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From Niclas Hedhman <nic...@hedhman.org>
Subject Re: Encouraging Diversity - Update 6
Date Wed, 16 Nov 2016 02:16:35 GMT
On Wed, Nov 16, 2016 at 8:46 AM, Noah Slater <nslater@apache.org> wrote:
> You misunderstand. This isn't about replacing one type of assumption about
> your intentions with another type. Instead, it's about holding people
> accountable for their actions (and the effects of those actions)
> irrespective of their intentions.

Please explain or elaborate what you mean by "accountable". If
"accountable" means "Hey, you should not have..." with a "Oh, sorry about
that, my mistake" reply, then I have no problem. If it means "Hey, X said
Y, ban..." (which is what I read in the word 'enforcement'), then I do have
a big problem with that.

> As has been mentioned on this thread already, not many people explicitly
> set out to send a harmful email. And yet many harmful emails are probably
> sent to our lists daily.

And likewise, many people are reminded daily that emails are difficult
medium to communicate in and that words often can be read in more than one
way.

> You sent me a private email saying, effectively: "Suppose you are right
> about what you claim to have experienced, I have yet to see the evidence.
> Please dig up that evidence and show it to me to convince me you're not
> just a cry-baby."

Do you want me to post it full here? Because, I didn't say "you", I said
"people"... and you may have chosen to include yourself in that. "People
commit murders" --> "He just called me a murderer!", do you see the
parallel?  Again, I think this shows the problem of expressing oneself in
email, since it is impossible to anticipate every possible interpretation,
both among native speakers and those that are less fluent.

> It certainly doesn't engender any confidence that you would take me
> seriously and not challenge me point by point, if I were to go to that
> herculean effort of documenting all the things that contributed to my
> emotional burnt out over the years.

I didn't ask for "all the things". I asked "what [changes] in ASF could
have led to an outcome that satisfied you."
Instead, you hand waved a "This is a thoroughly horrible email for you to
have sent me. " without further explanation, and now you say that it was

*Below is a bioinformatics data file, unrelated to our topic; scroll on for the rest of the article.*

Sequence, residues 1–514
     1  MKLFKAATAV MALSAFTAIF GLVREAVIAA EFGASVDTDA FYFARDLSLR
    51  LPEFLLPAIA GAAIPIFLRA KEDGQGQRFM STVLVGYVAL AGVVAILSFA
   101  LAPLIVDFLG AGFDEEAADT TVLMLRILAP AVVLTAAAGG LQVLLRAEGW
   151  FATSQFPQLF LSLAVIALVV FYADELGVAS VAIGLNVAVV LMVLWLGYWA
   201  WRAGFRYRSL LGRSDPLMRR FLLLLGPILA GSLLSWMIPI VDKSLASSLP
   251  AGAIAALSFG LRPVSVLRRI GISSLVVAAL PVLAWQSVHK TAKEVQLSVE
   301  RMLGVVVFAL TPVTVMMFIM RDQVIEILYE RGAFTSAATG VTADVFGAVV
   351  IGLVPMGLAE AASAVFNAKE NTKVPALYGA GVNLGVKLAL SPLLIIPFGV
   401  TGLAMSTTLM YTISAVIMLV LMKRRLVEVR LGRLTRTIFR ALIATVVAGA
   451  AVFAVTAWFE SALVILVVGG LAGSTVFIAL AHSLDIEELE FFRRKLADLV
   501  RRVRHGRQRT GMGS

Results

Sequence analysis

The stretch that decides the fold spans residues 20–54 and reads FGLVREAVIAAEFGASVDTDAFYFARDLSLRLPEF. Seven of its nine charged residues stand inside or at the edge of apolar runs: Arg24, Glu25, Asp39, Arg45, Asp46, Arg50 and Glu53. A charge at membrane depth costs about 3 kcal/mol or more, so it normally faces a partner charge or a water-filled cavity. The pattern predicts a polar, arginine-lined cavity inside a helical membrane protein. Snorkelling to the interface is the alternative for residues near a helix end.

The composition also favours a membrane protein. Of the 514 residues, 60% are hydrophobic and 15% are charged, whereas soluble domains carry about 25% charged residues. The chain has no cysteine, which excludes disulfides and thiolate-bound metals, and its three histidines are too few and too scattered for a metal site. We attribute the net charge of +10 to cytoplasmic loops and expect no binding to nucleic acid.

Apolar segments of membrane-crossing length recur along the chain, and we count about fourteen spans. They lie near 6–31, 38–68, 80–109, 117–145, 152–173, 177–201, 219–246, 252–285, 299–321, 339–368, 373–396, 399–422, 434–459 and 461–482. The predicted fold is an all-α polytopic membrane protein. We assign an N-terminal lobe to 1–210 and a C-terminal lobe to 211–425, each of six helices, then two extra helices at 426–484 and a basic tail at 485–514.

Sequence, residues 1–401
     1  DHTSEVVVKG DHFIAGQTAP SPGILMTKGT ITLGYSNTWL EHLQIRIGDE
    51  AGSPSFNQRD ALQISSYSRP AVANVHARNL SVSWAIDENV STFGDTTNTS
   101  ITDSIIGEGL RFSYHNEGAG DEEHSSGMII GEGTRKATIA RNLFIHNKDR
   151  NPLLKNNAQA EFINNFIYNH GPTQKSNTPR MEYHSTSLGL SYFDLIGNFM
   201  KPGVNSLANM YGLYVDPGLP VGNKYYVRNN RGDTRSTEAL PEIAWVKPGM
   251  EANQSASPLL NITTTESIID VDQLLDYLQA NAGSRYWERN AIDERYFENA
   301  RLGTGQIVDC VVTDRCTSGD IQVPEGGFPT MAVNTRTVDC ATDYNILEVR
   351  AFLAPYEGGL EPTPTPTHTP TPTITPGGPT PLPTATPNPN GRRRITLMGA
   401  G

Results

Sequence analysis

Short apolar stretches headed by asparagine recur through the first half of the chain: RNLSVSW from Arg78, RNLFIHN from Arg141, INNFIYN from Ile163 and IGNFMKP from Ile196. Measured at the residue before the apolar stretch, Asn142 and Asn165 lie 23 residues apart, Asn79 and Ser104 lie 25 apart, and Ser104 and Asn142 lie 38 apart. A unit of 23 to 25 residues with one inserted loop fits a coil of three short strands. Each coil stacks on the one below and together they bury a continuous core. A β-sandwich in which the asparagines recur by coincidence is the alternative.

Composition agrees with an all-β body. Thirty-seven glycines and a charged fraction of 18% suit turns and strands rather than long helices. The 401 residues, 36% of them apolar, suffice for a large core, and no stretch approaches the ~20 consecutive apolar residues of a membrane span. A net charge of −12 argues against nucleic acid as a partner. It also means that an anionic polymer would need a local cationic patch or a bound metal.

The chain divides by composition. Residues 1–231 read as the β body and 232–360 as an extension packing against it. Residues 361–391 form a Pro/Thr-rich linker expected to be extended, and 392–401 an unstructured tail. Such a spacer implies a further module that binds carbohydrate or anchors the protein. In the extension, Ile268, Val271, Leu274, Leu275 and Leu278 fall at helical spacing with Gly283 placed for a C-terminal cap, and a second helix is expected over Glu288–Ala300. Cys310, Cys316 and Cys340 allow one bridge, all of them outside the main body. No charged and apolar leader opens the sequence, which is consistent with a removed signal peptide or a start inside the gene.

because you think I called you a "cry-baby" when I didn't;  <quote>convince
me that this is not about a cry-baby and victimhood culture that people are
trying to breed at ASF</quote>
I also assumed (perhaps incorrectly) that you are a native speaker, and
that you wouldn't have problem parsing my language. If I thought otherwise,
I would indeed have constructed simpler sentences.

> When we harm someone (for our purposes, let's assume unintentionally) the
> person we harmed is usually not in the best place to do the emotional
> labour necessary to explain why they are upset, or what was done wrong.
>
> This is where we find utility in shared community standards, clearly
> documented in things like a code of conduct.

I agree, and we have a Code of Conduct. I have no issue with people who
speak out against ad hominems and name calling, and I agree that such
behavior is unacceptable. What I do have a problem with is words like "feel
safe". It is subjective and the ASF can not institute any mechanisms to
make that a reality, other than banning criticism, debate and frankly
anything that is not a lambda expression (free of side-effects). Being
criticized on technical merit, conflicting opinions on possible ideas and
similar non-personal topics, should not in my opinion be curbed. I think
that is not the intention, but some people may think that is "feeling
unsafe"...

> These are not tools to bash people around head with. They are learning
> resources. If there was a page somewhere that said "when someone is
> reporting having had a bad experience, try to listen, believe, and support
> them" (and so on) I could say "hey, I think what you did is in violation
of
> this principal". And then maybe other people with more energy than me, who
> are less emotionally invested in what just happened, can talk to you about
> it.

Yes, this is very good argument and something I fully support. I would also
appreciate language in Code of Conduct and "goals for diversity" page to
that effect, i.e. "education", "promotion", "encouragement" and "peer
support", rather than the very harsh "enforcement" (maybe I am too
sensitive to that word, after living in China too long).
I have just posted a proposal to change that "correct" what I take issue
with.

Cheers
--
Niclas Hedhman, Software Developer
http://zest.apache.org - New Energy for Java

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